The first function implies appending a header with a type field to the data associated with each phase. In applying the Ethernet storage protocol (ESP), many of the messages used by parallel SCSI will not be necessary because their purposes are accomplished directly by SEP headers or other parts of the ESP. However, a message type will be included to handle the few which may remain. The second function, association of commands with data and status is necessary for devices that can queue up several commands, such as disk drives. The SCSI approach of adding a small tag to commands, data and status will be continued by the ESP implementations designed for SCSI, where the tags will be in a field of the SEP header.
SCSI disk drives are capable of queuing multiple commands, allowing them to process the commands in the most efficient order. Unfortunately, disk drives tend to have a limited amount of data buffering memory, which can be overwhelmed by the data associated with queued write commands. Parallel SCSI will disconnect when this happens and request a write command's data only when it is processing that particular write command. If write data is sent immediately after a write command and reliance is placed on the transport or link layer protocol to prevent data buffer overrun, future commands and write data may be blocked from reaching the drive (even though it might be more efficient for the drive to process them first). Accordingly, SEP is configured to provide data buffer flow control (function number 3 listed above).
The SEP header does not have to contain any target or local unit number (LUN) addressing information, because each target-LUN pair has a separate transport layer session connection. Thus, the target-LUN information is implicit in the session over which the encapsulated SCSI is being sent.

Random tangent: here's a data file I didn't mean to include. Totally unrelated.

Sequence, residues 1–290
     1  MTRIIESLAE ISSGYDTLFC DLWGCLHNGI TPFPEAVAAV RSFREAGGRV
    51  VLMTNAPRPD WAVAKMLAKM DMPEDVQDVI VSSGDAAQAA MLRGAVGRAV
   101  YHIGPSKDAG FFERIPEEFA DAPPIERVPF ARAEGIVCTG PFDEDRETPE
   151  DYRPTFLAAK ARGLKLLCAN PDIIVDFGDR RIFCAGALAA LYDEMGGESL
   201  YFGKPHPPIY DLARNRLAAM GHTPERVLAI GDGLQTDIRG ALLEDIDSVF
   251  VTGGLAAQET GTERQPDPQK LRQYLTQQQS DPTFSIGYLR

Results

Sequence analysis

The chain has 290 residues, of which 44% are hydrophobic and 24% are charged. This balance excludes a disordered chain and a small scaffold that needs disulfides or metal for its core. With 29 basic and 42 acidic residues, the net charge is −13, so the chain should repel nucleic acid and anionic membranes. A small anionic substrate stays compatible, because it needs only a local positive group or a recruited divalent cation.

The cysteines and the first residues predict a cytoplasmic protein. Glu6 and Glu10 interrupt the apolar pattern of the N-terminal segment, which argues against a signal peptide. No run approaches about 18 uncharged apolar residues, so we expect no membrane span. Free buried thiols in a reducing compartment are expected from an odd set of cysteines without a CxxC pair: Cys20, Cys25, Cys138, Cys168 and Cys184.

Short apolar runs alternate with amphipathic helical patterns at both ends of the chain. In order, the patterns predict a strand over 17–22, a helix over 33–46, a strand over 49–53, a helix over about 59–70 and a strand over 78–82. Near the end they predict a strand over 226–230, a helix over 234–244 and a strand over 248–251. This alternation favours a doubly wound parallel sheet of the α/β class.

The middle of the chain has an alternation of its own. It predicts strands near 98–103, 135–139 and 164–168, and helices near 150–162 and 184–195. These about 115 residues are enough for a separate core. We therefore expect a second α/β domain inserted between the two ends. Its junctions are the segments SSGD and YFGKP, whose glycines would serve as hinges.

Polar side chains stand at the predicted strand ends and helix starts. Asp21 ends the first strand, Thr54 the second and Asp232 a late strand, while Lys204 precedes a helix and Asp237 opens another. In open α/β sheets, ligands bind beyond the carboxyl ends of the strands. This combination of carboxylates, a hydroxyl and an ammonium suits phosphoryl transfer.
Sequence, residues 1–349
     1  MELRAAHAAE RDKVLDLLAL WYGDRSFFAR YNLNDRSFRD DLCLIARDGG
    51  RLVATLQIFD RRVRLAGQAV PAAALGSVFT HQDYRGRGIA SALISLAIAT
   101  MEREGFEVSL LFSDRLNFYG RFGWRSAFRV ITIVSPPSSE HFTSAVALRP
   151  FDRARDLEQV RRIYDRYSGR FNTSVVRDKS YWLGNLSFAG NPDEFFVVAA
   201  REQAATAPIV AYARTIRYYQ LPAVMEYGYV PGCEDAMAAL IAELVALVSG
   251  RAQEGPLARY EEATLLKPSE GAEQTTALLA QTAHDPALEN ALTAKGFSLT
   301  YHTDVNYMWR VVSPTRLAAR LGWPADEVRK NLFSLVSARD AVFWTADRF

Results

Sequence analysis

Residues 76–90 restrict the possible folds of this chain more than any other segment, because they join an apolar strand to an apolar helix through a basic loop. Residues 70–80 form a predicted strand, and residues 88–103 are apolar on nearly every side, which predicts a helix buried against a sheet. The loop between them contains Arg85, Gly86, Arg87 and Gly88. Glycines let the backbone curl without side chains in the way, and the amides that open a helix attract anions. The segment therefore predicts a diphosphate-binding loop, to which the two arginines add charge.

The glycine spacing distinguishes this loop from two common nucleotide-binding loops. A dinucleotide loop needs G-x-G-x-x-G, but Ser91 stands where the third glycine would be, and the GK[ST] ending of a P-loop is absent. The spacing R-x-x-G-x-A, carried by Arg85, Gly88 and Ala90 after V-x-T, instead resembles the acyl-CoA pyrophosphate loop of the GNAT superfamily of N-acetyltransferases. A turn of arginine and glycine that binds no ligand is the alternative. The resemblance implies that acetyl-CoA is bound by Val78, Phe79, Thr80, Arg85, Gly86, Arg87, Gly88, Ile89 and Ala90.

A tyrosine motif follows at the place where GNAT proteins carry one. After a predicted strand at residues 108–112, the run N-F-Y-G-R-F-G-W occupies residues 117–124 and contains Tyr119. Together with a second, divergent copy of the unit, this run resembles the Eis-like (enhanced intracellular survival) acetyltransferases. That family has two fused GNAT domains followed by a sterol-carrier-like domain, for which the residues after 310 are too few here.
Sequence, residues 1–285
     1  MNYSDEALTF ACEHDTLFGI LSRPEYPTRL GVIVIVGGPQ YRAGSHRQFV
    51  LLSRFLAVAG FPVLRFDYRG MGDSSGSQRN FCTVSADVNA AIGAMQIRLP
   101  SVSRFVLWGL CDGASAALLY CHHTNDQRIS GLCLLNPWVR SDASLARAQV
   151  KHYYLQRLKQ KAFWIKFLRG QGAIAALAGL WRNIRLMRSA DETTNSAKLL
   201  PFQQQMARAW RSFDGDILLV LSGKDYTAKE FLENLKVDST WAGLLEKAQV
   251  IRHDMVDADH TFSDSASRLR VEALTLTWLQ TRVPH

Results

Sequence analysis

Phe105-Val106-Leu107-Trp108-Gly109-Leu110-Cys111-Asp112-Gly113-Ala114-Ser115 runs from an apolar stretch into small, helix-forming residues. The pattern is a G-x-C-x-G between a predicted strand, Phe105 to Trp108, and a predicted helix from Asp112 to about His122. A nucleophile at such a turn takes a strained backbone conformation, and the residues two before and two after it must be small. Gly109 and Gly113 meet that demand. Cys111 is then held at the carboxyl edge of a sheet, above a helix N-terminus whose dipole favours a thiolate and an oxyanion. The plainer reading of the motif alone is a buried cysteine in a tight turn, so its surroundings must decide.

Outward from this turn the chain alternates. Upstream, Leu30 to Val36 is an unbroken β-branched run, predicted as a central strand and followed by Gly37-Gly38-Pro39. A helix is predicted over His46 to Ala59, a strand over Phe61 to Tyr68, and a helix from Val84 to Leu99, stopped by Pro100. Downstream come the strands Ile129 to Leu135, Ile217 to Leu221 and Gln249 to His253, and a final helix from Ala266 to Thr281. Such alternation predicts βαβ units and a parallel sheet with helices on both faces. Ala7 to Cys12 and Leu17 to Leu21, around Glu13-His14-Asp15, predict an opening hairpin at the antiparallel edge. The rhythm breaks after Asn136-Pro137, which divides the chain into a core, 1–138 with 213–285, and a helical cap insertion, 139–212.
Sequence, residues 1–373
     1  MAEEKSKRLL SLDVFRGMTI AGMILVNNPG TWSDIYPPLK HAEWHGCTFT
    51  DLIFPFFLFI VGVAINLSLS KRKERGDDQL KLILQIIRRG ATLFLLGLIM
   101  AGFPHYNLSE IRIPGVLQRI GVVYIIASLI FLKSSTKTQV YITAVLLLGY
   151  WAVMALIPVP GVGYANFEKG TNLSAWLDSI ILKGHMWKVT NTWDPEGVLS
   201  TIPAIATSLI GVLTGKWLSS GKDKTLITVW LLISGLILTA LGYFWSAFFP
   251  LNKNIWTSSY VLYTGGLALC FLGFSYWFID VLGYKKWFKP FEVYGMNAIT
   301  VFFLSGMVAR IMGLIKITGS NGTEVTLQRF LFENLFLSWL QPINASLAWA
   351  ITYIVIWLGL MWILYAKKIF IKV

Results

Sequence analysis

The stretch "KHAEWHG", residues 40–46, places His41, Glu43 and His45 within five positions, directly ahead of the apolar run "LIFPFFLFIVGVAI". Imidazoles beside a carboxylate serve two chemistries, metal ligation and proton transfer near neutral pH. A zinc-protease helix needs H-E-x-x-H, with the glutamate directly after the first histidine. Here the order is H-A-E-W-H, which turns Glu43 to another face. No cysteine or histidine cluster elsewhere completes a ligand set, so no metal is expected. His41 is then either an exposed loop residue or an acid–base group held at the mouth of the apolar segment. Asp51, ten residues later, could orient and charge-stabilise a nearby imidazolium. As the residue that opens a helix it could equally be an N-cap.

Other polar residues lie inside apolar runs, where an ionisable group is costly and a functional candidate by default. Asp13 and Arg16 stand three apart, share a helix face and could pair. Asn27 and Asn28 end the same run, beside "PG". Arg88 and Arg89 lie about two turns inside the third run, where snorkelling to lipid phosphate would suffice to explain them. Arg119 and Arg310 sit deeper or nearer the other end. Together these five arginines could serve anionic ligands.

The SEP encapsulation approach is being described herein in relation to SCSI. However, as described above the SEP encapsulation can work to transmit other commands, such as ATAPI, and the like. With this in mind, SCSI identifies the type of information (phase) on the data lines with a set of encoded control lines. For a serial approach, it is much more efficient to send a type code at the beginning of the new phase, which applies until the next phase. This type code is part of the SEP header (as shown in
A count of bytes until the next header will be placed in the current header, and SEP will use this byte count to determine the location of the next header. The byte count method is used because it is fairly simple to implement, efficient, and completely self-contained. However, there may be cases where the transport layer is required to identify the location of an SEP header, in which case a flag in STP will be used to indicate when an SEP header is the first item in a transport packet. An ESP implementation must be able to force all SEP headers to be at the beginning of a transport packet if either initiator or target insist, and should indicate when a header happens to be at the beginning of a transport packet in any case. To make extracting a SEP header more efficient, it is preferred that it be placed on a four byte boundary.
Preferably, the SEP implementation is designed to extract headers from anywhere in the stream, and only assumes that the very first four bytes of a new STP session are an SEP header. However, it also makes no attempt to concatenate separate commands at the SEP level, or SEP segments at the STP level, so all SEP headers for CDBs will be in the first four bytes of an STP packet. In another preferred embodiment, the implementation does not preclude the concatenation of commands. It should be noted that the status segments and write data segments can come immediately after other SEP segments, without an intervening STP packet boundary.
The simple transport protocol (STP) will now be described with reference to exemplary SCSI transactions. STP provides a low overhead, LAN-oriented transport to efficiently and reliably move blocks of data to and from target devices. As described above, the host computers should have a PIC to enable communication in accordance with the ESP and the target devices should be native ESP devices. Alternatively, the target devices can be off-the-shelf devices that can gain access to the ESP network by way of a bridge circuit 131, as described with reference to